HOW TO USE AN AB TRUST TO MINIMIZE ESTATE TAX OBLIGATIONS
March 6, 2017
For married couples who own a substantial amount of wealth, the federal estate tax threshold is double the limit applied to individuals. In other words, these couples can pass on up to $10.98 million before the estate tax kicks in.
However, couples whose wealth exceeds that limit will need to work with an estate planning attorney to develop what’s known as an AB trust to reduce their tax obligations.
How do AB trusts work?
Under current tax law, each spouse has his or her own estate tax exemption. The first spouse to pass away typically does not use that exemption, as most spouses leave everything to the surviving spouse. However, that may cause some complications. The surviving spouse would own everything, which could potentially put him or her over the individual estate tax exemption amount—whereas they would have previously been under the exemption amount while the spouse was still alive.
To resolve this problem, individuals should work with an estate planning lawyer to create an AB trust. Instead of spouses leaving their property to each other, they each provide it to an irrevocable trust. The surviving spouse receives any income the trust generates, and may also have access to the principal. In most circumstances, the children then inherit that property after the death of the second spouse.
Irrevocable trusts are non-taxable because the assets contained in them is technically no longer owned by either spouse. Therefore, children can inherit that property tax-free after the second spouse dies without having to worry about that property going through probate.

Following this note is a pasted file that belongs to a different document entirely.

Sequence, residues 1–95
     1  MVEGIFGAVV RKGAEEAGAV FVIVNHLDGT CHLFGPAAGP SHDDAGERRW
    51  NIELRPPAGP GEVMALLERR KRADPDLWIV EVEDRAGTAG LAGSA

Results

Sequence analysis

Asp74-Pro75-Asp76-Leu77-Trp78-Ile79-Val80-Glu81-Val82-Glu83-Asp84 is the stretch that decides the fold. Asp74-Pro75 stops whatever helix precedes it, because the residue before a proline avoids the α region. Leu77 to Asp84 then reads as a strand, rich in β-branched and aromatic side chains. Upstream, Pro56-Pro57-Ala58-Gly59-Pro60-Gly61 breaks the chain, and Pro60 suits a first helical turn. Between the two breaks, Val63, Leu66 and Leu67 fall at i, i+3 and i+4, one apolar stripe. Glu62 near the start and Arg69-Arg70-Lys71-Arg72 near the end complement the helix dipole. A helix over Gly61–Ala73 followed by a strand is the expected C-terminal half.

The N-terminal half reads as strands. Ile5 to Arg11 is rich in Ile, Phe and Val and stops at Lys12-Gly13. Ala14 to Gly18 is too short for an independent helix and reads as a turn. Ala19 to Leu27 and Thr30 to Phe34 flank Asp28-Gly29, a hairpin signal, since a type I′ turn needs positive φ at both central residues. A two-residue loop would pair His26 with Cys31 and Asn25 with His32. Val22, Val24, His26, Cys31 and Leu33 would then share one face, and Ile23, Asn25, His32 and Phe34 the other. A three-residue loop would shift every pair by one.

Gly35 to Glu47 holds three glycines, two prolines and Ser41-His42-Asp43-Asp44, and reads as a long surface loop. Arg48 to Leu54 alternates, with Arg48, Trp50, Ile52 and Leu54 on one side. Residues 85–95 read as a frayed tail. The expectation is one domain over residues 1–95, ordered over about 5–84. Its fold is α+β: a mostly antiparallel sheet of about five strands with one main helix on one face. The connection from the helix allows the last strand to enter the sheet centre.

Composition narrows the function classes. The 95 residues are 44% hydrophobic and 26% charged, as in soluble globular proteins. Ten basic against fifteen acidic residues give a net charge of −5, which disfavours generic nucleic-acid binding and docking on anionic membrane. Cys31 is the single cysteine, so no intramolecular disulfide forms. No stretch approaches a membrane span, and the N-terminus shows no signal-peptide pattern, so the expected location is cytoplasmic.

Other situations in which AB trusts are useful
Most couples will not need to use an AB trust, as only a small percentage have estates valued at more than the joint exemption limit. But there are several other situations in which an AB trust serves as a valuable estate planning tool. These include the following:
Relationships in which there is a concern that the surviving partner may be subject to undue influence, fraud, or manipulation. Drafted properly, an AB trust can effectively provide asset protection for the assets in the irrevocable trust.
You wish to ensure your children receive your property. An AB trust is particularly useful for people in second marriages. The surviving spouse can still use your property, but after his or her death, it will transfer to your kids.
You owe state estate tax. Some states have their own taxes on estates in addition to the federal estate tax, typically with lower exemptions and no portability. An AB trust can lessen your state tax liability.
There are some drawbacks to AB taxes. There are restrictions on the use of the property for the surviving spouse, as that property is in an irrevocable trust. The trusts can be expensive to manage, and you must deal with tax returns for them. But in many situations, they can be a valuable tool to lessen the tax impact on your estate planning in California.
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